Excel PivotTables are incredibly useful for summarizing and analyzing data With just a few clicks, you can group, sort, count, total or average data stored in a table or range
But sometimes, the builtin calculations aren’t quite enough. Fortunately, Excel provides two easy ways to customize and extend PivotTable calculations
 Calculated fields – Formulas that operate on the sum of the underlying data in a PivotTable.
 Calculated items – Formulas that operate on individual records in the source data.
In this article, we’ll explore calculated fields and calculated items in depth. You’ll learn how to add, modify and remove calculations to take your PivotTable reporting to the next level!
Let’s start with an overview of calculated fields.
Calculated fields allow you to create new data fields in a pivot table that don’t exist in the source data. These new fields can be based on existing fields in the source data.
For example, suppose you have a PivotTable summing sales by region. You could make a calculated field called “Sales Commission” that shows 7% of the sales value
The result is a new field in the PivotTable that calculates dynamically based on the underlying data.
![PivotTable showing calculated field][]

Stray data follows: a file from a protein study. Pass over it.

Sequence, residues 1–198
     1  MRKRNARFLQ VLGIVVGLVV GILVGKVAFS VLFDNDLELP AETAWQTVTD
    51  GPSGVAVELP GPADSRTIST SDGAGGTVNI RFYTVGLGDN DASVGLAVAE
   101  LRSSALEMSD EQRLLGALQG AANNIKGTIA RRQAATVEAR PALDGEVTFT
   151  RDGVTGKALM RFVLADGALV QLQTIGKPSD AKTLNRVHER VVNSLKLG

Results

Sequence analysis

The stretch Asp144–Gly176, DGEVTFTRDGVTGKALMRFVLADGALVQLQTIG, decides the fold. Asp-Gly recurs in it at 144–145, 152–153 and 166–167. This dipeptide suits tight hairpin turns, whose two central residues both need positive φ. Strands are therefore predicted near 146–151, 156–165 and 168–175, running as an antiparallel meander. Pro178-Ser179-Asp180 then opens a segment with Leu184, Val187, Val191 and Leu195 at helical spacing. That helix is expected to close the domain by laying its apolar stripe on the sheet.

A calculated field showing 7% sales commission
The best part is that calculated fields “travel” with the pivot table. If you refresh or rearrange the pivot table, the calculated values update automatically.
Calculated fields allow you to define custom summaries that aren’t available with regular pivot table value fields. With a simple formula, you can calculate sums, averages, percentages, max, min, standard deviations and much more.
Let’s look at how to add calculated fields to a PivotTable stepbystep.
How to Create a Calculated Field

Select any cell in the PivotTable. This will activate the PivotTable Tools menu.

Go to the Analyze tab > Calculations group > Fields, Items & Sets. Click “Calculated Field”. ![Go to Calculated Field][]

In the Insert Calculated Field dialog box: – Enter a name for the new field. – Enter the formula. Click fields or items to add them to the formula. – Click Add. ![Insert Calculated Field dialog][]

The new calculated field is added to the PivotTable! Formulas can use existing fields, expressions, numbers and functions. You can reference other PivotTable cells and ranges – but not worksheet cells/ranges.
That’s the basics of creating a calculated field. Next let’s look at some examples.